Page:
The Gilcrease Nature Sanctuary is helping some of its rescued inhabitants spread their wings and fly to new forever homes.
Although many of the about 460 birds are lifetime residents of the sanctuary, 8103 Racel St. , some are better suited for solitary life or arrangements in a home setting, sanctuary executive director Barbara Price said.
"Some were raised by people and need to be raised in a loving home," she said. "Wouldn't it be great if we could do bird intake for those whose owners died or had to give them up?"
Enter the Adopt A Rescue program.
Six birds have been formally adopted to local owners via the program. The application process is lengthy and involves steps akin to a conventional human adoption, Price said.
A committee OKs a candidate before he can move forward. Home visits, foster parent periods and follow-up checks are among initial hurdles they could face, Price said.
Candidates must be at least 21 years old and have steady income, adequate indoor and outdoor cage or aviary and, if applicable, knowledge and consent of a landlord.
Adoptions are facilitated in conjunction with the Best Friends Animal Society in Kanab, Utah .
The Gilcrease Nature Sanctuary is currently conducting a master development plan project to make the more than 40-year-old facility an educational hub and safe haven for its animals. It is no longer accepting rescues.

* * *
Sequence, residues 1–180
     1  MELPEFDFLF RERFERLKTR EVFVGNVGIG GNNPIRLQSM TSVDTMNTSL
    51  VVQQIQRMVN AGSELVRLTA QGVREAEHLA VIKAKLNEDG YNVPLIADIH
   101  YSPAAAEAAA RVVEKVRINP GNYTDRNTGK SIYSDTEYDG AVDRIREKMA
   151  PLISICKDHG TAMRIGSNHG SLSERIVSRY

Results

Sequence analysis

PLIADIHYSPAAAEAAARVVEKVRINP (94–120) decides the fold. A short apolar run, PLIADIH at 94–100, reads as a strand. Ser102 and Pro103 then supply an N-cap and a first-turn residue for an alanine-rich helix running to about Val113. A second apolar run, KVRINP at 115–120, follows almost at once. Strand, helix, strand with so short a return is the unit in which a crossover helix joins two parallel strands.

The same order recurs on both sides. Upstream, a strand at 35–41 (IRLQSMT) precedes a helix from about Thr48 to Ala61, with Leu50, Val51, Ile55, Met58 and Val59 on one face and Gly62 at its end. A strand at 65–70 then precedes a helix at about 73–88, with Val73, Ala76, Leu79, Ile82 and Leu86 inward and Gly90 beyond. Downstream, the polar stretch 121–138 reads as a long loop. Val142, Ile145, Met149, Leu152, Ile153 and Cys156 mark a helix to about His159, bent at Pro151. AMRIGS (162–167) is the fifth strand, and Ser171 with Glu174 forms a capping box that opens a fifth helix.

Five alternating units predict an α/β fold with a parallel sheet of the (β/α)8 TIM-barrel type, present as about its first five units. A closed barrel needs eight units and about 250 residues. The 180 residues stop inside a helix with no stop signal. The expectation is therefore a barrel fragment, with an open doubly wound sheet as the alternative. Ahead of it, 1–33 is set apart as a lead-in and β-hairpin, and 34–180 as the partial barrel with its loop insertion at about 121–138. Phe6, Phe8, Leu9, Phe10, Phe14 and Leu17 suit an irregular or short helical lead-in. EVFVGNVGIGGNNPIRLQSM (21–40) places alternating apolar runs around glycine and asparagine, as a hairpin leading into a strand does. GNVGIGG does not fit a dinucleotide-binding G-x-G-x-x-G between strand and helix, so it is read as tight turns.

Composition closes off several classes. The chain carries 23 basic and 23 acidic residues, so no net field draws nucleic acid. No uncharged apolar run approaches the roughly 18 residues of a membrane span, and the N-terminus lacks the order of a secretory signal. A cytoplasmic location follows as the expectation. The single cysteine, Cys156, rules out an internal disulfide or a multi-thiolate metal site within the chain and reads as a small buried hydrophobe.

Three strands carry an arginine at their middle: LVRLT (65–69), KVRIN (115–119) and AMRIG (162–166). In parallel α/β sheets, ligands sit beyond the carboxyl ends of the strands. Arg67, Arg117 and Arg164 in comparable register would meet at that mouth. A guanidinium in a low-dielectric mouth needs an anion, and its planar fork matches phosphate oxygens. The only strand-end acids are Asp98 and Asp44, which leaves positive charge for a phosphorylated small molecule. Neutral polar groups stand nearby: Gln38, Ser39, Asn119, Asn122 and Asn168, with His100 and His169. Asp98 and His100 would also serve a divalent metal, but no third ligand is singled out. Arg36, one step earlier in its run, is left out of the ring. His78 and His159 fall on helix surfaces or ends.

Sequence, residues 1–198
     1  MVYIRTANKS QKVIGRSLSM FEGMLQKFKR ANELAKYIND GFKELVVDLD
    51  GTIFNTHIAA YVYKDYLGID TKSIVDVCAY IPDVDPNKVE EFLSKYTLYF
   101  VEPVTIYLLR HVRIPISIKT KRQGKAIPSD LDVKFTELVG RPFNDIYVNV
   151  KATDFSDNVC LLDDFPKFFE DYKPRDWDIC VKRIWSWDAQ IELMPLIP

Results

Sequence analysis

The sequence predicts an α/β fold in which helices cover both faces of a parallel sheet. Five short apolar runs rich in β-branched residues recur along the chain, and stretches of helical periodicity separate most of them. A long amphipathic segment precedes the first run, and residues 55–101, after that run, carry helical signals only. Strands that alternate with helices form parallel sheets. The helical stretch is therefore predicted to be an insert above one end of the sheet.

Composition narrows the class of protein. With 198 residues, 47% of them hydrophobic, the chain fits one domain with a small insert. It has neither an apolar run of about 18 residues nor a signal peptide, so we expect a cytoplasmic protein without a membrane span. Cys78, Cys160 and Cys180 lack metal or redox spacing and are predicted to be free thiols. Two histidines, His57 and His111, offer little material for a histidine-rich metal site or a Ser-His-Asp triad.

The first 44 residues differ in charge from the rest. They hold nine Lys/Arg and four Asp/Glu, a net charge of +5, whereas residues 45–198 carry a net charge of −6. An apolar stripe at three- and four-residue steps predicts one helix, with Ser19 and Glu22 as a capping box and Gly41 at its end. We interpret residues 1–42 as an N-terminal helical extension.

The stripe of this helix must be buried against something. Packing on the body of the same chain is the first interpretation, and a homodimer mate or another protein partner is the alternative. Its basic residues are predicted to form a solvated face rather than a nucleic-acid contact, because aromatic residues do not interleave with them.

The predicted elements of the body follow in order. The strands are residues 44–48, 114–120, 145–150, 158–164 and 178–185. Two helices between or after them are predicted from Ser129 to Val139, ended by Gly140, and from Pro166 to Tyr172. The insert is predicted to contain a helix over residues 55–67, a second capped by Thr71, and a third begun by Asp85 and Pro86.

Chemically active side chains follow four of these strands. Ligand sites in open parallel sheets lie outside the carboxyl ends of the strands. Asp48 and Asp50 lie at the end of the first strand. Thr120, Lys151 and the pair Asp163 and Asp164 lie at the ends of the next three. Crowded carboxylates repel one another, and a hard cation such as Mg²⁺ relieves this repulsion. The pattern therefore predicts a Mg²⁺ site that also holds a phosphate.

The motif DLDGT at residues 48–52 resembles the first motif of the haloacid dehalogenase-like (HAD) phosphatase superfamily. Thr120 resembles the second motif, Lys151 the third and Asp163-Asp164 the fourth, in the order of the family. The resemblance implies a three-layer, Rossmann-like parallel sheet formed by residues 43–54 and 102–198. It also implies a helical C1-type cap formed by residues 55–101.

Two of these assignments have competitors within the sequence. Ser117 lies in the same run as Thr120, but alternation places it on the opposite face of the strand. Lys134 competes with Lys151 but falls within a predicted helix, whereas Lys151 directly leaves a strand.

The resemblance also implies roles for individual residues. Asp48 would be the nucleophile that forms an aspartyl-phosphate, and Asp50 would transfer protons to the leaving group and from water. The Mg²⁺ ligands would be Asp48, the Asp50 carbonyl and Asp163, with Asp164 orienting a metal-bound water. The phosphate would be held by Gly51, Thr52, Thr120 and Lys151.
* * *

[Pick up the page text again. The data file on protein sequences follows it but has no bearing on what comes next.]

The sanctuary has reshuffled aviaries and cages in the wake of development and while it continues to rebuild following a March 2010 fire.
Despite the changes, the adoptions of select birds are good for all parties, Price said.
"It's good for us because some of the birds will never do well in a flight," she said of an open-air cage setting. "We have flight cages, and some birds are better in a home."
Buddy II , one of magician Rick Thomas ' prized cockatoos, is to be available for adoption with the sanctuary in about 60 days . The bird wasn't part of Thomas' former Sahara headlining show, but he described her as a "sweet girl" and not obnoxious like similar birds.
Thomas has four other birds from his act housed at the Gilcrease Nature Sanctuary while he helps open a new theater in South Korea. The sanctuary built special aviaries for Thomas' small fleet. The birds -- Buddy , Buddy II , Rainbow , Frenchy and Booya -- faced quarantine for an uncertain amount of time in South Korea , and he said he was "not going to put them through it."
Thomas, a Centennial Hills resident, said the sanctuary is a trusted refuge for his show birds and Buddy II's hopeful adoption.
"There are so many people out there that want to take birds on as a pet," he said. "The moment they get these birds, within days they find they are messy, loud and need constant care, more than cats or dogs. I'd have to know (the caretakers) were people who wouldn't dump these animals. Gilcrease can take care of her."
The sanctuary is willing to stay involved in the adopted bird's life to ensure quality care, Price said.
Adoptions have been conducted since October .
"We are in our fledgling stages, but we are doing it," Price said.
For more information, call 645-6808, visit naturesanctuarygilcrease.org or email gilcreasenaturesanctuary@ yahoo.com.
Contact Centennial and North Las Vegas View reporter Maggie Lillis at firstname.lastname@example.org or 477-3839.